Disability campaigners have slammed the new Emilia Clarke film ‘Me Before You’, branding it 'a disability snuff movie’.
Disabled actress Liz Carr was among protesters from the group Not Dead Yet who turned up at the film’s premiere, unfurling a scathing banner on the red carpet as Clarke and co-stars Sam Claflin, Jenna Coleman and Joanna Lumley passed by.
It read: “Me Before You is not a romance. It is a disability snuff movie, giving audiences the message that if you’re a disabled person you’re better off dead.”
Sian Vasey, who was born with spinal muscular atrophy, was also among the protesters.
She said: “I know the basic plot, which is that the male lead has an accident and becomes disabled, but after a year or so of time in quite a happy relationship then decides that he doesn’t want to be a burden and takes himself off to Dignitas to commit suicide.”
The group, which chanted their protests, also had an exchange with Jojo Moyes, who penned the best-selling book the film is based on.
'Game of Thrones’ star Clarke said that it was 'never our intention’ to upset disability groups.
“I think that the movie is a Hollywood movie, but I think that what we are showing is something that we took a lot of care over, with Jojo being there as well, because she wrote the book first, so that’s the story that we were going off,” she told The Guardian.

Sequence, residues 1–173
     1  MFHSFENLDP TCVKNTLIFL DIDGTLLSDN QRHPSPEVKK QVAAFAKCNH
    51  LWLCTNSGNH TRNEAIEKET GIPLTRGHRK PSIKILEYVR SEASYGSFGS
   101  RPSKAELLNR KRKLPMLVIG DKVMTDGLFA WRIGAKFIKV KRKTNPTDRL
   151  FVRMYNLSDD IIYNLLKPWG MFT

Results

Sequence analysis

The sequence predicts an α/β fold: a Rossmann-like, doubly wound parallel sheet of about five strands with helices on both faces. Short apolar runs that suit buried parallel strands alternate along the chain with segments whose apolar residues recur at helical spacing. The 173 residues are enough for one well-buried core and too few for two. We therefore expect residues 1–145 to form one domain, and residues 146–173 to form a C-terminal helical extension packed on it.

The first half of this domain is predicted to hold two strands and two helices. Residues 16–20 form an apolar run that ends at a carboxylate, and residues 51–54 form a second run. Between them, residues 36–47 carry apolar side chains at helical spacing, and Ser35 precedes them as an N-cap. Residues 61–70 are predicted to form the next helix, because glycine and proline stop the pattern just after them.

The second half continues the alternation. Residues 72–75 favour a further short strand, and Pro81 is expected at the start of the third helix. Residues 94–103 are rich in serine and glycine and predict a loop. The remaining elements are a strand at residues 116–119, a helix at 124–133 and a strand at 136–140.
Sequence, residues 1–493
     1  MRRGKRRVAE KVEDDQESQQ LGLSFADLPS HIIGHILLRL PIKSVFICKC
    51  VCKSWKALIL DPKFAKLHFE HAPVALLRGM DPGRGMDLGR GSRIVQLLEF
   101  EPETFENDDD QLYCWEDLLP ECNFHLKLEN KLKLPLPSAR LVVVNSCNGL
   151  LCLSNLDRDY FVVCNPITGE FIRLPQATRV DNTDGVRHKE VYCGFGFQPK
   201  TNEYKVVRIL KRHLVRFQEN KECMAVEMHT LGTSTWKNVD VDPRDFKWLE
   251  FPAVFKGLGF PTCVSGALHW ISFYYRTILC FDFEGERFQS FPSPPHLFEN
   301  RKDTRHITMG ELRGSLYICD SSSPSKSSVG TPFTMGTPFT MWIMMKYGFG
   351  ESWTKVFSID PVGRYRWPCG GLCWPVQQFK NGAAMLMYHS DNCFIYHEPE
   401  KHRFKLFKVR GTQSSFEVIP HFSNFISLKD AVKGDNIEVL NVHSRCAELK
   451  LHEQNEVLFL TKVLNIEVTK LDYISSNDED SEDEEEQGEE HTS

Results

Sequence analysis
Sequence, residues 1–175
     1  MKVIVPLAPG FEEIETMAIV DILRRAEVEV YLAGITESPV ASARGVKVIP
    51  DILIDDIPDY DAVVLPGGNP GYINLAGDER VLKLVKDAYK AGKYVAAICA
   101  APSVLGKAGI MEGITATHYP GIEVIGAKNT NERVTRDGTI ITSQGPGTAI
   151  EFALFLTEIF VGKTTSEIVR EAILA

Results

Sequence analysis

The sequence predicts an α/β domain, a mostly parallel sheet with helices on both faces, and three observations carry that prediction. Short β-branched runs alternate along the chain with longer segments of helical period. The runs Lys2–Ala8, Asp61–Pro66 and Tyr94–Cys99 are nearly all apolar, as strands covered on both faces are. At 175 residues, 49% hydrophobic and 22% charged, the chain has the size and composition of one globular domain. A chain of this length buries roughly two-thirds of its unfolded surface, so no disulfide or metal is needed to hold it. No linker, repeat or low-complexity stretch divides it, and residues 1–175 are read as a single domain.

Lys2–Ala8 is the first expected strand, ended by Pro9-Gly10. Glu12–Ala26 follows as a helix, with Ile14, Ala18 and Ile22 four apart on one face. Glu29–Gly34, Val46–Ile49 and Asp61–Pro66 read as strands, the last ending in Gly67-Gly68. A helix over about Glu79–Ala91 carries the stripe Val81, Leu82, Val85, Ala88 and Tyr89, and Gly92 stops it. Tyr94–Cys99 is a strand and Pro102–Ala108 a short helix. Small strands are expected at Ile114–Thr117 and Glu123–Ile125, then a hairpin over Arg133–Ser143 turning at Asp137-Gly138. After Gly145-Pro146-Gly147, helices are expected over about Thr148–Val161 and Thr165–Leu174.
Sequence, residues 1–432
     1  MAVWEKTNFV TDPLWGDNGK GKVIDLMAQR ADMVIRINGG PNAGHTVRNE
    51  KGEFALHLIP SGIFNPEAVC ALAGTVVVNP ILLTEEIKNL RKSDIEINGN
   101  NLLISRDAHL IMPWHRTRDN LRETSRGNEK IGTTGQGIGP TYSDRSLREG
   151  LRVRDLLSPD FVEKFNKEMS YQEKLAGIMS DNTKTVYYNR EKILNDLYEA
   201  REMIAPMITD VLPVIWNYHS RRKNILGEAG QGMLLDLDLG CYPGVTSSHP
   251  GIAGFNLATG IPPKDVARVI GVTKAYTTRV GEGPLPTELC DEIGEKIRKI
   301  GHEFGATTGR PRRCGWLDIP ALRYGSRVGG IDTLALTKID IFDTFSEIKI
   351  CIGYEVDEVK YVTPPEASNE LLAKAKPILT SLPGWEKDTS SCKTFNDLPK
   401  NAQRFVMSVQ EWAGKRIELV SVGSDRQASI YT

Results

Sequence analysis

“We were very careful with how we wanted to present things. And we are showing a situation, we are not showing an opinion.”
In the film, Claflin plays a jet-set banker who becomes quadriplegic following an accident, with Clarke playing his carer.
“There’s an assumption that Hollywood is already reflecting what already is reality,” writer and disability rights activist Emily Ladau, who has the genetic disability called Larsen syndrome, later told 5live.
“I would be remiss if I was to say that these feelings of misery and these feelings of wanting to go through assisted suicide are not valid feelings that people do experience, but when these are the constant narratives that are taking over the media, then people start to get the wrong message about disability.
“I would love to see the media flooded with more positive depictions and have something like 'Me Before You’ be the exception rather than what seems to be the rule.
“As much as some people are saying that the story really resonates with them it can also be a very scary thing if that’s something that someone who is newly injured is exposed to, to see that someone has this very defeatist attitude about life with a disability when in fact what we need to be providing is rehabilitative and mental health support to people who are newly injured.
“I only want [people] to know that it’s not so bad on the other side.”
The movie is out across the UK on June 3.
Image credits: PA/Warner Bros